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The Elephant and Three Clowns
by Sy Schreckinger ANTIQUE TOY WORLD Magazine May, 1983

     The Elephant and Three Clowns is a tiny gem of a bank encompassing all of the charm and excitement of the circus. Although it is one of the smallest of the mechanicals, its size does not detract from its desirability.
     The bank is one of a large family, portraying that most amusing and entertaining denizen of the Big Top: the beloved clown. Other mechanicals in this group are: Acrobats; Bill-E-Grin; Circus; Clown and Dog; Clown Bust; Clown on Bar; Clown on Globe; Hoopla; Humpty Dumpty; Jolly Joe; Clown and Harlequin; Professor Pug Frog; Punch and Judy; Trick Dog; and the Zig-Zag Bank.
     The Elephant and Three Clowns was patented on July 28, 1882, by James H. Bowen of Philadelphia PA, and was assigned U.S. Pat. 262,361. It was manufactured by the Stephens Foundry of Cromwell, Connecticut. Of interest is the fact that the same patent papers that protect the Two Frogs Bank, the reclining Chinaman, and Paddy and the Pig, also protect the Elephant and Three Clowns. And, further, these patent papers illustrate only the Two Frogs Bank and its internal mechanism (see Fig. 1). It is these patented levers, pivots, and springs which are responsible for the fascinating actions of both the Two Frogs Bank and the Elephant and Three Clowns.
     The operation of the Elephant and Three Clowns is most interesting and worthy of special mention. First, a coin is placed between the two gold rings under the elephant's head, and then the legs of the clown who is balancing the ball are pulled back. The top clown pivots at the waist; simultaneously, the elephant's trunk sways to the right, depositing the coin into the bank.
     The Elephant and Three Clowns bank is extremely delicate and quite intricate in design. It is for these reasons that, when one does show up, many times parts are either broken or missing. One cannot truly appreciate the full charm or beauty of this bank until it is seen with most, or all, of its original paint. Thus, when one is found in perfect condition with superb paint, it commands a premium price.
     The Elephant and Three Clowns does not have any design variations that I am aware of, but it was decorated in several COLOR variations. These variations pertain only to the tub on which the elephant stands and the blanket; the remainder of the bank, including its figures, remain constant in its color scheme.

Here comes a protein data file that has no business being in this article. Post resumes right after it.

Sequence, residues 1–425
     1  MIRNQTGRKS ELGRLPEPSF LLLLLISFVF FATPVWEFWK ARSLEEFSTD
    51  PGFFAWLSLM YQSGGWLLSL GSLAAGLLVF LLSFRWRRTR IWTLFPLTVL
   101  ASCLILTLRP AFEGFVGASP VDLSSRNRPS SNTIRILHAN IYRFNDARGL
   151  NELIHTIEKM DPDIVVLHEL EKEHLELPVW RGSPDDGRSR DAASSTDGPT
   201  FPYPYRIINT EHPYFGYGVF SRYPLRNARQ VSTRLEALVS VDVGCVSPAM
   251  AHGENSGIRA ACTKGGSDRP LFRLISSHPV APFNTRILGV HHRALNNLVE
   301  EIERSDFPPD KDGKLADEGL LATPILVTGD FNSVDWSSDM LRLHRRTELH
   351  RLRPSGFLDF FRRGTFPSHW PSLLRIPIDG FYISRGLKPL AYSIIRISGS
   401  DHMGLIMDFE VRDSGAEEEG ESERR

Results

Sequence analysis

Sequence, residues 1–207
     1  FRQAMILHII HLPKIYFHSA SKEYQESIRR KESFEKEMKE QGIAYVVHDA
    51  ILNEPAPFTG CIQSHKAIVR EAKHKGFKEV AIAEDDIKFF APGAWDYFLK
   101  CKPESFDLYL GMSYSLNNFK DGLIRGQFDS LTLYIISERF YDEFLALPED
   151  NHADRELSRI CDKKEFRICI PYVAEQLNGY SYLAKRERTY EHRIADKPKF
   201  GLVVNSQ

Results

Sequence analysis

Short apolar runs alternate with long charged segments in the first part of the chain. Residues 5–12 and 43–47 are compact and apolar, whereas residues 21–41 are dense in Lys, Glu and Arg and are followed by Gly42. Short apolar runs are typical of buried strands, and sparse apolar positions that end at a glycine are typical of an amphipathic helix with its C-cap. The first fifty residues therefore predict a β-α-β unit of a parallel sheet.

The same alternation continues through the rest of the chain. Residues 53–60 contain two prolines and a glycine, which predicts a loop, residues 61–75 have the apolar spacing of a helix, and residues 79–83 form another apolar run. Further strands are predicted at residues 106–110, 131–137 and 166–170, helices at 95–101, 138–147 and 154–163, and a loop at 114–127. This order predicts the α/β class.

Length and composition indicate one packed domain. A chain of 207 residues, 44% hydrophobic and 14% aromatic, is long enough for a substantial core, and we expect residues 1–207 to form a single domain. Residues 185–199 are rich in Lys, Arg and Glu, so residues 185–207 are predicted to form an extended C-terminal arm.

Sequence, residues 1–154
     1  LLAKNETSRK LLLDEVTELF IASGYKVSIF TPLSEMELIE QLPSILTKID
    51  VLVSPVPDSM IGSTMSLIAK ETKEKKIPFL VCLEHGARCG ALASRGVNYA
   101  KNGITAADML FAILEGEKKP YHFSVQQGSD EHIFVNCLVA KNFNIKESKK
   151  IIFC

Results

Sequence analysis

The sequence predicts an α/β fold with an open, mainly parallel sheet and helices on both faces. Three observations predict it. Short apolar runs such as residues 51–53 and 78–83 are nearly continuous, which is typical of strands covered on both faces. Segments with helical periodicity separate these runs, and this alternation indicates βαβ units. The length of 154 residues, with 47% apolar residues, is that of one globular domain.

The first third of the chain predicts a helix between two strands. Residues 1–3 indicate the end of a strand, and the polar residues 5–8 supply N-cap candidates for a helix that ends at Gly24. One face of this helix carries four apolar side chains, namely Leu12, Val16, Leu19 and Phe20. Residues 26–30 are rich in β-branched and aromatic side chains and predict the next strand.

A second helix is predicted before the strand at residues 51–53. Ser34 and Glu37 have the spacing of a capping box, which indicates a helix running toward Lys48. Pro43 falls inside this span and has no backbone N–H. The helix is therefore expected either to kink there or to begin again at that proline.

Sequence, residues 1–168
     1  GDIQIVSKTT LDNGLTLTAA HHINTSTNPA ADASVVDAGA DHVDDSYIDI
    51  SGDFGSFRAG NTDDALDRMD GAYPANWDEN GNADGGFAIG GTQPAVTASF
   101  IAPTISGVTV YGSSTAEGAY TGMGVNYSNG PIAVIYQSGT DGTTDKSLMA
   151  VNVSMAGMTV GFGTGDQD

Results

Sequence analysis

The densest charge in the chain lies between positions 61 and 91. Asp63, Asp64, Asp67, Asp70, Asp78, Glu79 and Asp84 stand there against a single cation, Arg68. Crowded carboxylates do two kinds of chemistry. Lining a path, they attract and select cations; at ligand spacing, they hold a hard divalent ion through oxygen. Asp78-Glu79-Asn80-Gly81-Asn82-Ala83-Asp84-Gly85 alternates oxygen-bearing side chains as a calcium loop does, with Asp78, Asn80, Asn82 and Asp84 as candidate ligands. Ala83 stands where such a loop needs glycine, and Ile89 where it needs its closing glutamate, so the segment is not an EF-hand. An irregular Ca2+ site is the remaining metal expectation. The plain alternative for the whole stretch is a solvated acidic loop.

The elephant is gray; he has a red mouth, white tusks, white eyes with black pupils and the tip of his trunk is red. The clown riding on his back has a red, yellow, and blue cap, red shorts a red shirt which displays a blue star, and he sports black shoes. His face is pink with brown decorative markings and he has black eyes with a red mouth.
     The figure holding the gold rings has a blue tunic with a red sash. He has black hair, eyes, and moustache. The figure balancing the gold ball also has a blue tunic with a red belt; his eyes and hair are black and he has a red mouth.
     The tub was painted either in tan with gold trim and a red top, or, blue with gold trim and a red top. The elephant's blanket is painted either red, or blue, with yellow fringe.
     The base plate is embossed with the words: "U.S. Pat, Aug. 8,1882, Eng. Pat July 28, 1882", and is made to accept the round Stephens' type coin trap.
     I have not seen or heard of any reproductions of the Elephant and Three Clowns bank; nevertheless, since the possibility may exist I am including a base diagram (Fig. 2).
     Just a final word about paint variations: sometimes a bank that is authentic and all original will show up deviating from its traditional color scheme. This might reflect either the foundry artist's mood, expressions of individuality, or a special presentations bank (i.e., specific banks designed and hand-painted by the great mechanical bank designer, Charles A. Bailey). One can distinguish authentic old paint either by age crazing, patina, or general appearance. If there is any doubt as to paint or authenticity, an authority should be consulted before making a costly error.

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